Apples - Chieftain


Quick Facts

Chieftain apples were developed in 1917 by Spencer Beach, an 1887 graduate of Iowa State College. One of the most prominent horticulturists of his time, Beach returned to Iowa State to serve as the head of the horticulture and forestry department in 1905 and additionally served as vice dean of agriculture two years later in 1907.

Interested in developing cold-hardy apples, Beach crossed Jonathan and Red Delicious apples to produce the Chieftain variety in 1917. Since being introduced commercially in 1968, the Chieftain apples have been a symbol of Iowa State's horticulture program and a favorite of many consumers. According to the Iowa Nursery and Landscape Association Chieftains have exceeded both Jonathan and Red Delicious apples in popularity.

Characterized by a balanced sweet and tart flavor, Chieftains are excellent for both cooking and eating fresh. The Horticulture Research Station currently has over 300 Chieftain trees in its orchards.

Type: Fruit
Quantity sold in: 5-lb bag
Availability: Late September
Flavor: Balanced sweet/tart
Color: Red
Size: Medium
Uses: Eating fresh, cooking
Grown in: Orchard
Grown by: Horticulture Research Station

Storage and Preparation

Storage: Keeps for 1-2 months
Short Term Storage: It is important to sort apples before storing.  Remove any apples that are bruised, cut or show decay.  Plan to consume the larger apples first and save smaller apples for later in the season.  Larger apples will be the first to begin to loose quality and show signs of internal breakdown.  The optimum storage temperature for apples is 30-32 degrees F.  Apples should be stored in the refrigerator or another cool location.  Apples should be stored in 90-95% relative humidity to prevent dehydration.  Apples should not be stored with bananas or tomatoes because this can cause apples to soften.  If storing apples in a basement leave them in a cardboard box out of direct sunlight. 
Long Term Storage: Apples can be frozen, canned or dried.
More information from ISU extension on:

Canning Fruit Spreads
Canning Fruits

Preparation: Apples should be washed before eating or preserving.  Wash apples under cold running water and dry with a clean towel. Cut apples should be covered and refrigerated if not eaten within 2 hours of cutting.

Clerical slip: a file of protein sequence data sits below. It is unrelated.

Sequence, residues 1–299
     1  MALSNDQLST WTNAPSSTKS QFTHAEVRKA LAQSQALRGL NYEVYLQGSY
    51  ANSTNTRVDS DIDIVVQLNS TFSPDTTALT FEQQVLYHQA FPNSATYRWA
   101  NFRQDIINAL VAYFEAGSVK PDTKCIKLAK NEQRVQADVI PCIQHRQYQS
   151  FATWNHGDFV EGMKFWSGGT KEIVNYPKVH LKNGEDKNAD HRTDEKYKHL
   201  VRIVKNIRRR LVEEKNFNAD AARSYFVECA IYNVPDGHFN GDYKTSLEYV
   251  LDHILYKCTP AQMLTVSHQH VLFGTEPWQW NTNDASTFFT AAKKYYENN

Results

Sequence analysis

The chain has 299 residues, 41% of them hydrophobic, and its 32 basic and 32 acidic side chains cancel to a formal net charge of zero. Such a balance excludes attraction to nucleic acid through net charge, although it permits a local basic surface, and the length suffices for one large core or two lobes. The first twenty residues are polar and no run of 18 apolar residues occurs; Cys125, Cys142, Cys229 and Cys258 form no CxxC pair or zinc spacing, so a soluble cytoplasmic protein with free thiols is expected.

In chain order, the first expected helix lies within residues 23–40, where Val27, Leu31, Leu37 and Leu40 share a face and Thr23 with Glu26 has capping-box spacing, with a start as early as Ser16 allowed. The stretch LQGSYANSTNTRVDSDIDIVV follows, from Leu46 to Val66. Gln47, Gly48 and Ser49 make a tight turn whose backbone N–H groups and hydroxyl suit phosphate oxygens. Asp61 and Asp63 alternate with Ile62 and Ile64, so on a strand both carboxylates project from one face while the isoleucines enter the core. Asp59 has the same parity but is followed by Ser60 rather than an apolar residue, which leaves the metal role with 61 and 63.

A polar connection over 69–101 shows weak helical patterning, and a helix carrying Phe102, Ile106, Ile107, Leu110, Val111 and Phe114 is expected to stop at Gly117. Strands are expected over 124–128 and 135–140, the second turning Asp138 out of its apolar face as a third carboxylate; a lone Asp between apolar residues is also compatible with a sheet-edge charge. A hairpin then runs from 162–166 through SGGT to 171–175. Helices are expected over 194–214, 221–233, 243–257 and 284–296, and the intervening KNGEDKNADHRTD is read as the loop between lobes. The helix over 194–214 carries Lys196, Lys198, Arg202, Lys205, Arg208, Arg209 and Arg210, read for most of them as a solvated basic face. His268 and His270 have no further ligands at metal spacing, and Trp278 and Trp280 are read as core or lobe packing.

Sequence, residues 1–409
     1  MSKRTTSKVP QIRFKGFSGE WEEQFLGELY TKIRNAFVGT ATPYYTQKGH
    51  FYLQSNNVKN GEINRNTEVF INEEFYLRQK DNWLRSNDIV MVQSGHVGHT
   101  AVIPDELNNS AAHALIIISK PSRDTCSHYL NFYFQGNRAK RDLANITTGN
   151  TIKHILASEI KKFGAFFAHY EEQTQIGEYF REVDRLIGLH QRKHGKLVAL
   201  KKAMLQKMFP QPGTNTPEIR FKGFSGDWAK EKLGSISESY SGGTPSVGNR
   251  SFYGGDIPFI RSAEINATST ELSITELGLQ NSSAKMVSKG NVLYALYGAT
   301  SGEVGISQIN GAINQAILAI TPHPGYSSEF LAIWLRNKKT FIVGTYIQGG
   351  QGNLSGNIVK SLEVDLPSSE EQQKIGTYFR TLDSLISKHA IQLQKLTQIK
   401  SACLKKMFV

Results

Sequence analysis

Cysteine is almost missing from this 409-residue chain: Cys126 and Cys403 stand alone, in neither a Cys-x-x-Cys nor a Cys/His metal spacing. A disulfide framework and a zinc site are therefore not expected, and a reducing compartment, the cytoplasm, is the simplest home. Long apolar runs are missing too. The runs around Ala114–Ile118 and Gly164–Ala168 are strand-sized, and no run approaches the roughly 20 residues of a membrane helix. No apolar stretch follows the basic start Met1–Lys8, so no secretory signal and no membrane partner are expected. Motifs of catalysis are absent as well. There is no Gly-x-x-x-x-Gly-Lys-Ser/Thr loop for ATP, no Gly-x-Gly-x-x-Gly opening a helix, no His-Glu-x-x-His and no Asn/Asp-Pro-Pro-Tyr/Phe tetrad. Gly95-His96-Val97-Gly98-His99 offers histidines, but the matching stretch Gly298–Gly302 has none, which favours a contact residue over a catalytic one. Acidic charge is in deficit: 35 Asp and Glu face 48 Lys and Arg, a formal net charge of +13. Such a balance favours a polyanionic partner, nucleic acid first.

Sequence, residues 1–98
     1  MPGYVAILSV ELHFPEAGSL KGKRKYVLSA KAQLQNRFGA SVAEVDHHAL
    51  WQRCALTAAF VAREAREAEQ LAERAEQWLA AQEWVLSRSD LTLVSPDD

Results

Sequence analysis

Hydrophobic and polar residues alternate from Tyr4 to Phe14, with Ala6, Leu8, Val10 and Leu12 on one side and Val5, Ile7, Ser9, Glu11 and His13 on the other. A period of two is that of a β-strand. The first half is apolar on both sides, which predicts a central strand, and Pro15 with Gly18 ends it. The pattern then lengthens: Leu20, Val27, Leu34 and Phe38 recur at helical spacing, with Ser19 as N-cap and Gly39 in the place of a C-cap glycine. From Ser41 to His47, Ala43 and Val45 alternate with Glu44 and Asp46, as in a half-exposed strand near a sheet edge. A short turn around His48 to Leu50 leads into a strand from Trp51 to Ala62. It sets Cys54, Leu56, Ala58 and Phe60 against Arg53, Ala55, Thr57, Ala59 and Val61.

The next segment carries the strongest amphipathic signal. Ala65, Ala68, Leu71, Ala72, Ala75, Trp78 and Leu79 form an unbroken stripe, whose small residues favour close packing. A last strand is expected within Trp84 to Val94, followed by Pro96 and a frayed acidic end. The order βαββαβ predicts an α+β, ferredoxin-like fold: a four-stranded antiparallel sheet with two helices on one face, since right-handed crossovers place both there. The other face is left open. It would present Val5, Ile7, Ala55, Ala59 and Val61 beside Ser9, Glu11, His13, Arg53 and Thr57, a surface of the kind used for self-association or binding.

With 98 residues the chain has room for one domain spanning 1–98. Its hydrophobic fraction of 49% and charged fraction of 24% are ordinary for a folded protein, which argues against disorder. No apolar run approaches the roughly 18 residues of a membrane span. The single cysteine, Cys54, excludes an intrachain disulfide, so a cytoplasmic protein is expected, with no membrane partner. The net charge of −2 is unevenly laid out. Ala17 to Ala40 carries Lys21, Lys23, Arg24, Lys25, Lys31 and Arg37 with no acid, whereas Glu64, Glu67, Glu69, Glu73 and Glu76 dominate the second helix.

Nutrition: Adults should consume 1.5-2 cups of fruit total per day according to the USDA  MyPlate recommendations. Apples are high in fiber.  One medium apple contains 17% of the total recommended fiber intake per day.  Apples are also a good source of vitamin C.


Spiced Pork Tenderloin with Sautéed Apples

  • 3/8 tsp. salt
  • 1/4 tsp. ground coriander
  • 1/4 tsp. black pepper
  • 1/8 tsp. ground cinnamon
  • 1/8 tsp. ground nutmeg
  • 1 lb. pork tenderloin, trimmed and cut crosswise into 12 pieces
  • Cooking spray
  • 2 Tbsp. butter
  • 2 cups thinly sliced, unpeeled apple
  • 1/3 cup thinly sliced shallots
  • 1/8 tsp. salt
  • 1/4 cup apple cider
  • 1 tsp. fresh thyme leaves


  1. Heat a large cast-iron skillet over medium-high heat.
  2. Combine first 5 ingredients; sprinkle spice mixture evenly over pork.
  3. Coat pan with cooking spray. Add pork to pan; cook 3 minutes on each side or until desired degree of doneness. Remove pork from pan; keep warm.
  4. Melt butter in pan; swirl to coat. Add apple slices, 1/3 cup shallots, and 1/8 teaspoon salt; sauté 4 minutes or until apple starts to brown.
  5. Add apple cider to pan, and cook for 2 minutes or until apple is crisp-tender. Stir in thyme leaves.
  6. Serve apple mixture with the pork.

Apple Oatmeal

  • 1/2 cup diced apple
  • 1/3 cup apple juice
  • 1/3 water
  • 1/8 tsp. cinnamon
  • 1/8 tsp. nutmeg
  • 1/8 tsp. salt
  • 1/3 cup quick cooking oats


  1. In a small pot combine: apple, apple juice, water, cinnamon, nutmeg, and salt; heat to boiling.
  2. Stir in oats and cook 1 minute.  Cover and let stand 2 minutes before serving.